So who is going to have the balls to say, "George, midi-chlorians gut the whole thing that made Star Wars work. Any kids could hope to learn the Force, but you've just made it about genetics!"
I like The Core a lot - it's a well-directed and very well-acted film based on a bonkers premise.
It's funny how some of the same people who kick the shit out of a film like The Core, will not do the same to films like the original Star Wars, Jurassic Park, or any Godzilla or Gamera movie.
People seem to forget that all these films are wholly based on suspension of disbelief.
Have to add that Knowing breaks one of my cardinal suspension of disbelief rules - paramedics using the electric paddles to try and start a woman's heart, and she's still wearing her bra! It bothers me every time. With good direction and editing, no-one need ever see the actresses breasts, if that's the concern.
Suspension of disbelief only works when you don't start to mess with real-world rules, beyond where needed for the core premise to work.
Oh, and why do some of the rocks float when the ship takes off, but not all of them? Aargh!
With the rocks thing, I just assume it was a light gravitational field that weakly pulled up some of the smaller ones on the surface, but not the others.
If Nicolas Cage had got to the field of stones and the kids were already gone, and he just waited there on his knees as the big fiery dawn built on the horizon before they cut to credits, it would've been a damn fine film.
The rock sizes varied, some were larger than ones still on the ground.
Totally agree about the different ending.
My bugbear is people in moofies who get aboard military helicopters without ear protection. Get in a Blackhawk without it and you are deaf in 10 mins. A large jet engine sits less than a metre away from the back of your head in one of those babies.
That's a good one.
Another I think is just lazy fucking writing, but doesn't bother me as much, is people who can figure out another person's computer password in two or three tries, especially when they have no information on the person.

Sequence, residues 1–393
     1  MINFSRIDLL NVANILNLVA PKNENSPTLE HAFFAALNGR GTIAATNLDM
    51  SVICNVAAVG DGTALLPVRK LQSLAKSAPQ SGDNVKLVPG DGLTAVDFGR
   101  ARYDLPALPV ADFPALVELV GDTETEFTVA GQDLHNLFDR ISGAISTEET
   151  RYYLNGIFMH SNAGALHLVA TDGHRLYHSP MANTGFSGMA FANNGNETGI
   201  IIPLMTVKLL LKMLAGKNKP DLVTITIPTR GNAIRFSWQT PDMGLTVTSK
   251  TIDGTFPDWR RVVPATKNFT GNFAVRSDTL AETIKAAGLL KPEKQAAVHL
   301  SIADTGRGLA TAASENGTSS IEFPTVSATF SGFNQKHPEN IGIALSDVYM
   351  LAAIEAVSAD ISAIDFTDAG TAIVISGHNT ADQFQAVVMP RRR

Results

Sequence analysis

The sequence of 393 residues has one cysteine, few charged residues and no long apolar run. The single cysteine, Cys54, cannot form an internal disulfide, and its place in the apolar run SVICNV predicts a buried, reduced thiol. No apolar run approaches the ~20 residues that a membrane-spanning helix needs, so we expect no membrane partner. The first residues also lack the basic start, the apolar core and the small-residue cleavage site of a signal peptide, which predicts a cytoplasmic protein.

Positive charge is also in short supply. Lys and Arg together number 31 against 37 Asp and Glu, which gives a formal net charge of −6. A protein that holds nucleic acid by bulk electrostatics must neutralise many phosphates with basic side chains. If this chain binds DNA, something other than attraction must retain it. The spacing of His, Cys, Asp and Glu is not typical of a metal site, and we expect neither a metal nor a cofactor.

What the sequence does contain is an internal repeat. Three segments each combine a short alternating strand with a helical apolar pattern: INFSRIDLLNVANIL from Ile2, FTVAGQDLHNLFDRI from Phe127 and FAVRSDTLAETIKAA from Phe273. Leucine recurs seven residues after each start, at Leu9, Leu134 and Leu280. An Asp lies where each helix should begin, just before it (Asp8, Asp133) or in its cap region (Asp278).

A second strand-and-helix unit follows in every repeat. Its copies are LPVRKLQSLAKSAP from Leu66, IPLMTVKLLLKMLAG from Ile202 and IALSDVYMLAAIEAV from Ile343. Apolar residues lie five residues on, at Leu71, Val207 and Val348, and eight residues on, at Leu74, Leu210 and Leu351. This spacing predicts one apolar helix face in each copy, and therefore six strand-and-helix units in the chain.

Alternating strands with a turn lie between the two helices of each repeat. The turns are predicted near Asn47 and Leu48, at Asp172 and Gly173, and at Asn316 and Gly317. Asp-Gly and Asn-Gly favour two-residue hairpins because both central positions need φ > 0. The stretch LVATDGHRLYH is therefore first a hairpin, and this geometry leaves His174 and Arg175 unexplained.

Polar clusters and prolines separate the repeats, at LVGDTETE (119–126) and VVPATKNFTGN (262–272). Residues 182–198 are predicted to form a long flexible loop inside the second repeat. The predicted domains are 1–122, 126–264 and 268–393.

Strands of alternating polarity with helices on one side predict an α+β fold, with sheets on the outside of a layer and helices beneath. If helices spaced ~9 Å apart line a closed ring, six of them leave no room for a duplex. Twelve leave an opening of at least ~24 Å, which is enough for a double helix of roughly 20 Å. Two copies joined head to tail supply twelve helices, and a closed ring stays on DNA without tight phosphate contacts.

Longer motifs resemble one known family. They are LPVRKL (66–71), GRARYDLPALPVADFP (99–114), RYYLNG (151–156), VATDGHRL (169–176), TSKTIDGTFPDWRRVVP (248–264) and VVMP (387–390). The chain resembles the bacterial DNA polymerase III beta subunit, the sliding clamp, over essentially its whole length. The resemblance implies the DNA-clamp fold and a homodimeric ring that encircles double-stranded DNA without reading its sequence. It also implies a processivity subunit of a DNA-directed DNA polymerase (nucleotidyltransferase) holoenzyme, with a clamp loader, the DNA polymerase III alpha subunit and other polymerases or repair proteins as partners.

Hackers have magical powers!
Grr, don't get me started on computer interfaces, the amount of keyboard typing people do when they're obviously doing something that a mouse would be used for (eg selecting a part of the screen to zoom in on), and then there's the whole 'zoom into a low res digital pic and sharpen it, and suddenly it's an incredibly high res pic'... I wonder how the graphics department feel about providing a high res image of the zoomed in bit and a low res of teh overall pic...
I've noticed this for a while - there are some things I just can't watch because of it. (New BSG springs to mind.)
I'm sick to death of scientists being painted as the bad guys in real life media as well as in movies. Probably has something to do with me studying to be a scientist as well as marrying one!
Yeah, I love how quickly scientists are shown to be amoral by the same media outlets that hype minor issues into major scares just to get more people interested in their product.
The other thing I love is the people who use twitter, the internet, take headache tablets and diabetes medication, drive cars, talk on phones, watch DVDs, and then say that science is bad!
I like your scientist hubby, even if he's automatically evil because of all that learnin'. And I still like you, even though you're training to become
a scientist evil.
Actually, the whole vet thing? It just makes you that much more desirable than you already were.
Smart is always sexy :)
What annoys me is that both sides of the argument seem to draw this hard line between Science vs Faith.
Just because some zealots push it, doesn't mean that the two are mutually exclusive. There are many scientists who are also religious, just like there are many religious figures who respect and support science.
Yep! I have no problem with a scientist believing in a god or gods.